Senn 100/500 ENG: Bodypack vs. Plug-in for Distance at
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Old February 16th, 2004, 04:19 PM   #1
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Senn 100/500 ENG: Bodypack vs. Plug-in for Distance

Has anyone had any experience using both these?
Do they get about the same distance
before dropouts? Senn seems to imply that the
plug-in's mic must be metal for reception. My question comes up because I'm considering using the plug-in direct into a mixer. Will this affect the transmission range? Or would I be better using a bodypack into the mixer? Or because the mixer is metal, will this act the same as a metal mic
Anyone have an idea what kind of distance can
be had with the 100/500 plug-in transmitter out
of a mixer?
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Old February 16th, 2004, 06:20 PM   #2
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Drop an XLR cable out the back of the mixer and plug the plug-on into it. You will get plenty of distance as the plug-on uses the XLR shielding as the antenna.
Mike Rehmus
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Old February 16th, 2004, 07:09 PM   #3
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That sounds similar to the setup I've got in mind.
I'm going to tape a mic to the head of a tripod, about
8 feet off the ground. Then I'll run an XLR cable down to a preamp which would be on a chair under the tripod and I'd have the plug-in going directly into the preamp. That should give me some real good distance due to the long
XLR cable, right?
Do you think it would help to raise the preamp
up higher, or wouldn't it matter?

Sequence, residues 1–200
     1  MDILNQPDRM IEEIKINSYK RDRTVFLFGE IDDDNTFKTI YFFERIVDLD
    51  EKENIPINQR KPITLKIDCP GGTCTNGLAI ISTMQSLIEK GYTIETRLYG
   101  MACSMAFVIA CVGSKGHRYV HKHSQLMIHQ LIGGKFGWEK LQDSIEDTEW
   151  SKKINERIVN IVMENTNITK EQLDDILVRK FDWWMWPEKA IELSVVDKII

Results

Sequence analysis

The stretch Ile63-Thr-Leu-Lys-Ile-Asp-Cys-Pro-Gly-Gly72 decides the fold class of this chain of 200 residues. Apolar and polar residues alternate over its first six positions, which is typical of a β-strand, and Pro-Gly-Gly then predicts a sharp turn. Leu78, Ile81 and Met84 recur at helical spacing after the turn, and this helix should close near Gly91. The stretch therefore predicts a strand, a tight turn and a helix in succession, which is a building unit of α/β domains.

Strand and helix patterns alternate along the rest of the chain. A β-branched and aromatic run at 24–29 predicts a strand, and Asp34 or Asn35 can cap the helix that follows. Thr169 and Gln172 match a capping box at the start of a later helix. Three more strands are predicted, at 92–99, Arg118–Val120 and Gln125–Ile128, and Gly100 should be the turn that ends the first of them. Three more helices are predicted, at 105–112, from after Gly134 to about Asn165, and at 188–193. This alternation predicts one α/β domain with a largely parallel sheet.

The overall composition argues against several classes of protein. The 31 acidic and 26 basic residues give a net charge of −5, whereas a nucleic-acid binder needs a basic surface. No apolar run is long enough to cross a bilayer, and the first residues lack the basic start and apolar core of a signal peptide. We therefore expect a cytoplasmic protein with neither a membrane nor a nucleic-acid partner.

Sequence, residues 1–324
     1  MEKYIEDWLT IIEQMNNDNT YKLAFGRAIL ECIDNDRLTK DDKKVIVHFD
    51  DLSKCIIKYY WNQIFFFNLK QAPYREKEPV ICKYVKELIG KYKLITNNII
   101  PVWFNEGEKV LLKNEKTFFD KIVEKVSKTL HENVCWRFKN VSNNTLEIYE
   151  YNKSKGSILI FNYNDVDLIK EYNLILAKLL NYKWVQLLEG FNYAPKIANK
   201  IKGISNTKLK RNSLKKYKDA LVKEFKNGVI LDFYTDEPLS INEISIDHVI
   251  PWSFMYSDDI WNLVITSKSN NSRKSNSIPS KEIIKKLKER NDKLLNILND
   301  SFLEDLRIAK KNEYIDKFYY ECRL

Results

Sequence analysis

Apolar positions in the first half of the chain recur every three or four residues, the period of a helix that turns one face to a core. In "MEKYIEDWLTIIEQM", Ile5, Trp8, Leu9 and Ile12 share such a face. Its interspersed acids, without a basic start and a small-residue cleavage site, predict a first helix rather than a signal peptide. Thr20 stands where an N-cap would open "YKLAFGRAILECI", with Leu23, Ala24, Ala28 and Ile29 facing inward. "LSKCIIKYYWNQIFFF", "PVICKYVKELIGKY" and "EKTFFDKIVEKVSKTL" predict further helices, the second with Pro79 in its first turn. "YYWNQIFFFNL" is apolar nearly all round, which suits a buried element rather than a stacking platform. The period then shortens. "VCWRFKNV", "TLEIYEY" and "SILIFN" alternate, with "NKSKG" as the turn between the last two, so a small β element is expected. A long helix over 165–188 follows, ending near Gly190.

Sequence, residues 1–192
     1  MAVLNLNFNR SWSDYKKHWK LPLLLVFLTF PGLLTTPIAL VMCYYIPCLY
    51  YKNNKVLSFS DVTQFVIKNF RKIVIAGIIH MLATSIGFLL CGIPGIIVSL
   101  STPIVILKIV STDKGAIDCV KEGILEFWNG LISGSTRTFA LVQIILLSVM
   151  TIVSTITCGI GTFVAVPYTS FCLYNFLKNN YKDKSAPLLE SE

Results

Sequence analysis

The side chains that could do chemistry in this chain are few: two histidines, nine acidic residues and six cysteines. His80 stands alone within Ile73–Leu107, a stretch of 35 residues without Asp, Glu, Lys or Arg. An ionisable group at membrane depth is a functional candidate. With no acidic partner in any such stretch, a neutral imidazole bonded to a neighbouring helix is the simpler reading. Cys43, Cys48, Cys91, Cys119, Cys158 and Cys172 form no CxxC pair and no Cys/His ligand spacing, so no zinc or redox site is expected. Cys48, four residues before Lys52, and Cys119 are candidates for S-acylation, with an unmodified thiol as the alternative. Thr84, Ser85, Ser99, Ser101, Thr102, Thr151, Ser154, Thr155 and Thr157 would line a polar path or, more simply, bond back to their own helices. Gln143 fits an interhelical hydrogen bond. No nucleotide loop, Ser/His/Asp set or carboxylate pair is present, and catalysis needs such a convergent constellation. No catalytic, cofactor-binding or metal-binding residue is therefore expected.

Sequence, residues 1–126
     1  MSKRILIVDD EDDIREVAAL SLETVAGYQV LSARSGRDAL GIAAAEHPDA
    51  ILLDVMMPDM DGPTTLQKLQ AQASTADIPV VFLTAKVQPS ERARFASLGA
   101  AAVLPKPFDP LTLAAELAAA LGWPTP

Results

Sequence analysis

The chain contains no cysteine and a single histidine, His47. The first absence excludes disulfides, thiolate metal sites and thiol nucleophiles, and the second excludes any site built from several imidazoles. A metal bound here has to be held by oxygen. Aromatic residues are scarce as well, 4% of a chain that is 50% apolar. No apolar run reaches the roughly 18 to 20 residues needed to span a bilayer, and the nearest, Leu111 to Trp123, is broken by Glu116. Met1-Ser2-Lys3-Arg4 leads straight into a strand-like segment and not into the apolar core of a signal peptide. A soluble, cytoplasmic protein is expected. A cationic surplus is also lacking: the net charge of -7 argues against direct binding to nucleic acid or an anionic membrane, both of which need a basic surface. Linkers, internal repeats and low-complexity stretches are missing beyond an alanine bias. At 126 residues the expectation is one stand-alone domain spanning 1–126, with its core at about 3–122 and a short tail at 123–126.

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Old February 17th, 2004, 08:21 AM   #4
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Some things to watch out for. If you go with the 500 series that can supply phantom power, most mixers and preamps don't like to have phantom coming back into the output. Usually they will still work, but will exhibit problems with metering and headroom.
Some cheap mixers are also susceptible to the RF coming back into the output. Test ahead of time.
It's usually good practice to not have any metal to metal contact with the mic and its support. It can attenuate the RF that's being broadcast. I suppose if the conditions where just right, it could actually boost the signal, but that never happens.
The stand, or in this case the tripod, can also act as re-radiators of the RF signal coming from the cable. This will set up an interference pattern with dead spots and hot spots. Test ahead of time to make sure you're in a hotspot and then don't move anything. To some degree this is always the case with any setup, that's why you get occasional RF dropouts as the variables change due to movement. If you have something very "antenna shaped" and conductive like aluminum, steel or carbon fiber close to the transmitter or receiver, you're enhancing this phase cancellation problem.